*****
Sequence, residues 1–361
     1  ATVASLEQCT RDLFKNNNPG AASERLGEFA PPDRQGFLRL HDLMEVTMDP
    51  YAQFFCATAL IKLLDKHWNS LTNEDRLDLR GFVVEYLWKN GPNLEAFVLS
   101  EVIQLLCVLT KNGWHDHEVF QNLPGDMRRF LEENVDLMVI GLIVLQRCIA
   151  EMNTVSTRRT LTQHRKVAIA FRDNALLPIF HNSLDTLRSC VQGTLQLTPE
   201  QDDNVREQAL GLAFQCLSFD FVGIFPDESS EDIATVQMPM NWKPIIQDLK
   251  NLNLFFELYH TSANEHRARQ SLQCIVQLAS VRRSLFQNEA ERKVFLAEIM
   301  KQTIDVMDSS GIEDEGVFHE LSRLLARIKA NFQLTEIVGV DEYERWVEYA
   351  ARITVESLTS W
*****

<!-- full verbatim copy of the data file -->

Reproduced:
Sequence, residues 1–361
     1  ATVASLEQCT RDLFKNNNPG AASERLGEFA PPDRQGFLRL HDLMEVTMDP
    51  YAQFFCATAL IKLLDKHWNS LTNEDRLDLR GFVVEYLWKN GPNLEAFVLS
   101  EVIQLLCVLT KNGWHDHEVF QNLPGDMRRF LEENVDLMVI GLIVLQRCIA
   151  EMNTVSTRRT LTQHRKVAIA FRDNALLPIF HNSLDTLRSC VQGTLQLTPE
   201  QDDNVREQAL GLAFQCLSFD FVGIFPDESS EDIATVQMPM NWKPIIQDLK
   251  NLNLFFELYH TSANEHRARQ SLQCIVQLAS VRRSLFQNEA ERKVFLAEIM
   301  KQTIDVMDSS GIEDEGVFHE LSRLLARIKA NFQLTEIVGV DEYERWVEYA
   351  ARITVESLTS W